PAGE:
Thyroid and Anti-Thyroid Agents Flashcards Preview

Pharmacology > Thyroid and Anti-Thyroid Agents > Flashcards

Flashcards in Thyroid and Anti-Thyroid Agents Deck (27):
1

What is the primary sensor / controller of the body's metabolic rate, and what does this do?

Hypothalamus. When BMR / temp are too low, more thyroid hormone is needed -> releases TRH

2

What is the feedback loop utilized by T3/T4?

T3/T4 feed back on the pituitary to inhibit the release of TSH.

Elevated TSH will be found in hypothyroidism because TSH is unable to prompt sufficient release of thyroxine

3

What receptor does thyroid hormone utilize, and what is its relative potency for T3/T4?

A nuclear receptor of the steroid receptor class (transcription factor)

T3 is 10x more active than T4

4

What is the primary storage / transport /synthesis form of thyroid hormone? How is T3 made?

T4 is the primary product of the thyroid gland, which has a longer halflife due to its preferential binding to thyroid-binding globulin (TBG). It can be thought of as a pro-hormone.

T3 is end-organ more potent, made via deiodinase enzyme which can make T4 into T3 or reverse T3 (inactive)

5

What is the uptake form of iodine and why can this be a problem?

Iodide, I-, rapidly and efficiently uptake at 250x blood concentration. A problem during nuclear catastrophe with radioactive iodide, which tends to concentrate iodide in thyroid follicular cells

6

What is the main dietary source of iodide and what can it cause?

Salt-water seafood, but is generally given as sodium iodide in table salt as well.

Frequent cause of hypothyroidism / goiter / congenital cretinism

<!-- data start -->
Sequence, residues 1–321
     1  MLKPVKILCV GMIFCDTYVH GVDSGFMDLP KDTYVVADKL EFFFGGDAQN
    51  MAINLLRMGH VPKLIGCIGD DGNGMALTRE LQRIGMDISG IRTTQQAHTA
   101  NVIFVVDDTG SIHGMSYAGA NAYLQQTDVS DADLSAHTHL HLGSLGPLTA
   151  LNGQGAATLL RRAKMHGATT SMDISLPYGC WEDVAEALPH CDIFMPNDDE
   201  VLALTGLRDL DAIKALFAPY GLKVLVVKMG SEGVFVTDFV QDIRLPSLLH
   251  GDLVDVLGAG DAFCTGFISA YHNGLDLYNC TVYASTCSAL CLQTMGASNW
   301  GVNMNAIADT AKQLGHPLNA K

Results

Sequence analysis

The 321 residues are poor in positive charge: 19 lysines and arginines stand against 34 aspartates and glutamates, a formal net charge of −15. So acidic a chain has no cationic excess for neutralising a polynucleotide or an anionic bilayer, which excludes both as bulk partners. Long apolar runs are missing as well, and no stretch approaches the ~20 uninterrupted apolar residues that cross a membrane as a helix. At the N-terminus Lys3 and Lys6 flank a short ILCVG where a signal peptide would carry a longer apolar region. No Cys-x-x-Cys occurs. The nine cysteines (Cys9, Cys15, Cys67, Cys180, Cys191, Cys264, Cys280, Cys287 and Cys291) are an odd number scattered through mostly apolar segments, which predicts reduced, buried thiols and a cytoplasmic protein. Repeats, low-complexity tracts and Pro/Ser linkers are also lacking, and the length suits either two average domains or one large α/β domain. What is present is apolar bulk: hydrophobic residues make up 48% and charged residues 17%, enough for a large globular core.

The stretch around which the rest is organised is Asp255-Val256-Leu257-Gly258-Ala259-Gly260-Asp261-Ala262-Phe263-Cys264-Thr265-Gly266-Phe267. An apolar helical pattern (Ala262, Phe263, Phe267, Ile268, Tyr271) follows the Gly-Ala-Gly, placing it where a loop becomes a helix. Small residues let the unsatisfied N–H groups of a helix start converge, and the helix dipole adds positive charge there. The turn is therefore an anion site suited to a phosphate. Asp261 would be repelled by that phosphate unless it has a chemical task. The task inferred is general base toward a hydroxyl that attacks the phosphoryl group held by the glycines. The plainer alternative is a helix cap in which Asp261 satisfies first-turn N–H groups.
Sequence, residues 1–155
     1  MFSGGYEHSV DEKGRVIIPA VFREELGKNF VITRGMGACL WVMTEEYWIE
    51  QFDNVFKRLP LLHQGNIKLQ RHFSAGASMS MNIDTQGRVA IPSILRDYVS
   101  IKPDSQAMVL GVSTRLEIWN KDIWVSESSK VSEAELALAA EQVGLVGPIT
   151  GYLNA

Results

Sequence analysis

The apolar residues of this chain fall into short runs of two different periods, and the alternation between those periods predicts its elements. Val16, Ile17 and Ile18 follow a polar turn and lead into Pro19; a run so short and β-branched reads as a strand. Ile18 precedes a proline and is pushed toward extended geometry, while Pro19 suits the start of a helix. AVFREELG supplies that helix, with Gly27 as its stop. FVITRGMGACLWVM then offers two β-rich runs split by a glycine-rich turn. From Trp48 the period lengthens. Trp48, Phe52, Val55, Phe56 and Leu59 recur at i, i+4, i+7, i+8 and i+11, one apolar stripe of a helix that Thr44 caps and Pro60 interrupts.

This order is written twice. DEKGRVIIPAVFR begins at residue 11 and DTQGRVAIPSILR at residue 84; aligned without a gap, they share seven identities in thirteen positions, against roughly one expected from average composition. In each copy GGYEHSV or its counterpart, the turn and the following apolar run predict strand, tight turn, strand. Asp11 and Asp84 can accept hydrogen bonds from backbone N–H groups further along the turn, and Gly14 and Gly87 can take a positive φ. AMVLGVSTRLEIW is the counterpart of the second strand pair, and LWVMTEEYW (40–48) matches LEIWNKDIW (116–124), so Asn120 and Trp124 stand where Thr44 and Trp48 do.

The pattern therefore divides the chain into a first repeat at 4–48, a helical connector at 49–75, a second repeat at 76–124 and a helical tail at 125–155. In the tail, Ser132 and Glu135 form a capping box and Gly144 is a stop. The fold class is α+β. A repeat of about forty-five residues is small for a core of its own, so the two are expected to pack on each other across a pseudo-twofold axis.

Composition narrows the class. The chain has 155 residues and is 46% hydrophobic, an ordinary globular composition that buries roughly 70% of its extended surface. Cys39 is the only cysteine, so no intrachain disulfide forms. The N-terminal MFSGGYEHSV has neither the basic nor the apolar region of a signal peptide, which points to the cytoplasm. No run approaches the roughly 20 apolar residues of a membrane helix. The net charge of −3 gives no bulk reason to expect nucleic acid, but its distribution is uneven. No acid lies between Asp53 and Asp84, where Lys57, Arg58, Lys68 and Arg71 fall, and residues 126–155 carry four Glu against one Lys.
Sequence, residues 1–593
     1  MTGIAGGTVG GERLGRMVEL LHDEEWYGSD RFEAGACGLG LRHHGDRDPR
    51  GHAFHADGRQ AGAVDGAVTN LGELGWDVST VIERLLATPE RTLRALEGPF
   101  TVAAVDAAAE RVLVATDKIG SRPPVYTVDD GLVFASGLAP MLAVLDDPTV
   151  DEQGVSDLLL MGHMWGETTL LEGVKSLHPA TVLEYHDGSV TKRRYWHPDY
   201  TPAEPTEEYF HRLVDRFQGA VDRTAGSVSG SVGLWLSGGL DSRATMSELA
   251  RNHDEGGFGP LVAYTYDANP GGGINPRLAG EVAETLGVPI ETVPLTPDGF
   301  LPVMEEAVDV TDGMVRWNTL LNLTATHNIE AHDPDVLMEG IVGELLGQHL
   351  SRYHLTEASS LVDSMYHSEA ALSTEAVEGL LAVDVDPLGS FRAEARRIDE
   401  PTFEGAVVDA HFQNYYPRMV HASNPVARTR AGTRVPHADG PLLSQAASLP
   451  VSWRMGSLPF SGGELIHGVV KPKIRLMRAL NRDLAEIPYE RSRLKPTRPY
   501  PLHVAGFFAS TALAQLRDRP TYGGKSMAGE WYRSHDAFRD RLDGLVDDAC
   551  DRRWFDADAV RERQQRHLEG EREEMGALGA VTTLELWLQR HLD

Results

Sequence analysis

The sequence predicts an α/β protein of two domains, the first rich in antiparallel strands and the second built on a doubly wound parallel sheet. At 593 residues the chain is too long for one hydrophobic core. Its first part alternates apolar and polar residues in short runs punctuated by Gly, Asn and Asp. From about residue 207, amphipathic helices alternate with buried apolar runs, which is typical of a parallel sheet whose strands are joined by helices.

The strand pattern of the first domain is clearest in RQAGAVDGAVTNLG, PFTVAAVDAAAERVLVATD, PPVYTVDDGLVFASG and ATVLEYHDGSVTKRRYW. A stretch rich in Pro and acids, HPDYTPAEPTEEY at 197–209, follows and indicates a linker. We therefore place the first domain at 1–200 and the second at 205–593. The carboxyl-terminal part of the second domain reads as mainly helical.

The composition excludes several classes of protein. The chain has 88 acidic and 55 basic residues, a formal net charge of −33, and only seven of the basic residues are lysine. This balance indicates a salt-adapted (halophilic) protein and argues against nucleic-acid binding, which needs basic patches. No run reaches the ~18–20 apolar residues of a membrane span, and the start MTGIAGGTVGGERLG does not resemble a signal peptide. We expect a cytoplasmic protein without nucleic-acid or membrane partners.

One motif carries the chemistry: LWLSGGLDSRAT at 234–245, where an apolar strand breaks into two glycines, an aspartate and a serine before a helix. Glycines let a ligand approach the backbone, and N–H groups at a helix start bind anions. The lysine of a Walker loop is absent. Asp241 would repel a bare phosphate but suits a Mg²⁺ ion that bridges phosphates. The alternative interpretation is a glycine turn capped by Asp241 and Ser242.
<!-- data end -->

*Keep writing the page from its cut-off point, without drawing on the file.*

7

What is iodine attached to in the thyroid follicular cell and by what enzyme?

Attached to thyroglobulin via thyroperoxidase (tyrosine residues). This forms MIT and DIT, still within the protein

These are stored in the colloid within the follicule

8

What does TSH do? How does this affect size of thyroid gland?

Stimulates uptake of colloid from extracellular lumen of the colloid follicle into the follicular cell
-> uptake stimulates lysosomal digestion and subsequent release of T3 / T4

TSH causes growth of the gland -> goiter. This can happen in both hypo and hyperthyroidism due to excessively high TSH levels in both (in hyper, often due to molecular mimicry antibody)

9

What are the two main thyroid function tests utilized and why?

1. Free thyroxine index (FTI) - based on total T4 measured, and percent bound to TBG

2. TSH level -> most accurate and easily measured by ELISA or RIA, very sensitive because small changes in T4 will lead to log-scale changes in TSH

10

What do anti-thyroid antibodies check for?

Anti-thyroperoxidase (hypo)
Anti-thyroglobulin (hypo)
Anti-TSH receptor (hyper / Graves)

11

What are the symptoms of hypothyroidism?

1. Lack of facial affect / depression
2. Cold, dry skin
3. Lowered cardiac output
4. Husky, low-pitched voice
5. Weakness / diminished appetite / still gaining weight

12

What is cretinism and how is it prevented?

Congenital hypothyroidism which stunts neural development, can result from maternal hypothyroidism so T4 does not cross placenta

Thyroid levels must be monitored throughout pregnancy

13